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Santa Fe Edge (Ed Eagle Series #4)

Santa Fe Edge (Ed Eagle Series #4)

3.6 103
by Stuart Woods

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Lawyer Ed Eagle returns-and so does his past.

Santa Fe attorney Ed Eagle has recovered from his encounters with Mexican organized crime and his ex-wife, Barbara-who's much more dangerous. Now a mysterious new client has come his way, one who may shed light into some dark corners of Ed's past...and put him in danger once more.


Lawyer Ed Eagle returns-and so does his past.

Santa Fe attorney Ed Eagle has recovered from his encounters with Mexican organized crime and his ex-wife, Barbara-who's much more dangerous. Now a mysterious new client has come his way, one who may shed light into some dark corners of Ed's past...and put him in danger once more.

Editorial Reviews

Publishers Weekly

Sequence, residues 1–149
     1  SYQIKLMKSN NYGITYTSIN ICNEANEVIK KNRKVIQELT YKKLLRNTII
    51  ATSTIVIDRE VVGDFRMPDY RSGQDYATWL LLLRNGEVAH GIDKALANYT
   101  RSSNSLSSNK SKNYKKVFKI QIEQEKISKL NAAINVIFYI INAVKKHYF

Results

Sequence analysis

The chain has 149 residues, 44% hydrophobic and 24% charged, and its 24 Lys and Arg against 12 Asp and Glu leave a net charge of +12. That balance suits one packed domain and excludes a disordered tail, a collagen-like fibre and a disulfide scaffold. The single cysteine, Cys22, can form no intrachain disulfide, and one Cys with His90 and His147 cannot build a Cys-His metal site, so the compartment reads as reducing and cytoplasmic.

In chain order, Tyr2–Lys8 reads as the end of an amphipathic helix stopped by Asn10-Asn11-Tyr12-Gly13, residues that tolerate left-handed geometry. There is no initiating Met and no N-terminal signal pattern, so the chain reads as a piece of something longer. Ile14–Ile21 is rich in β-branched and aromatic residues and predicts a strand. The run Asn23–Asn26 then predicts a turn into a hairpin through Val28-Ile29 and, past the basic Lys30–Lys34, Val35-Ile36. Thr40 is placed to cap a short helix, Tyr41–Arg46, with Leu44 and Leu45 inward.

Ed Eagle continues to contend with his ex-wife, Barbara Eagle Keeler, in Woods's less than topnotch fourth thriller to feature the Santa Fe lawyer (after Santa Fe Dead). Keeler, who's incarcerated in Mexico's El Diablo Prison for Women, contrives to escape and return to the U.S. to finish off Eagle. Meanwhile, CIA agent Holly Barker, another Woods series lead, goes after renegade CIA agent Teddy Fay. Fay, who escaped Barker in Hothouse Orchid, wants to stay in Santa Fe, and figures that Todd Bacon, the young CIA agent dispatched to trace him, isn't a serious problem. In a third plot line, Eagle manages to free client Tip Hanks, a pro golfer suspected of murdering his wife, but Hanks will soon face other problems. With the bad guys at least as clever as the good guys and often more ruthless, the outcome is uncertain. Though not at his best, Woods provides plenty of not overly graphic sex and enough absurd contrivances for a slapstick comedy. (Sept.)